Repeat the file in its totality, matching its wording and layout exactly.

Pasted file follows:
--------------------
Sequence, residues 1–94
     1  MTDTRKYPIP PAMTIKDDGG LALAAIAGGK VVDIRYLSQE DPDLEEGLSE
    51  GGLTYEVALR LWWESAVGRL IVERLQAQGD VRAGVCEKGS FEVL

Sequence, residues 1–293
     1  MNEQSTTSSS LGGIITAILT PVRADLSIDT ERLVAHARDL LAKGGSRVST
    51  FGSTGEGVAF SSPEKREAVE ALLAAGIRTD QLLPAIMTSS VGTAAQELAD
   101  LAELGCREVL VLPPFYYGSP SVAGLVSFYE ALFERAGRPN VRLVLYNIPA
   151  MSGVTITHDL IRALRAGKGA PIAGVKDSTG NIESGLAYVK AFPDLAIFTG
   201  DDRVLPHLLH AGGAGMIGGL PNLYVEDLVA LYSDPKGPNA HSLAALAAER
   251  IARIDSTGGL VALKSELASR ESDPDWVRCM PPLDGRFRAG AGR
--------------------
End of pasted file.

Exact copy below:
Sequence, residues 1–94
     1  MTDTRKYPIP PAMTIKDDGG LALAAIAGGK VVDIRYLSQE DPDLEEGLSE
    51  GGLTYEVALR LWWESAVGRL IVERLQAQGD VRAGVCEKGS FEVL

Sequence, residues 1–293
     1  MNEQSTTSSS LGGIITAILT PVRADLSIDT ERLVAHARDL LAKGGSRVST
    51  FGSTGEGVAF SSPEKREAVE ALLAAGIRTD QLLPAIMTSS VGTAAQELAD
   101  LAELGCREVL VLPPFYYGSP SVAGLVSFYE ALFERAGRPN VRLVLYNIPA
   151  MSGVTITHDL IRALRAGKGA PIAGVKDSTG NIESGLAYVK AFPDLAIFTG
   201  DDRVLPHLLH AGGAGMIGGL PNLYVEDLVA LYSDPKGPNA HSLAALAAER
   251  IARIDSTGGL VALKSELASR ESDPDWVRCM PPLDGRFRAG AGR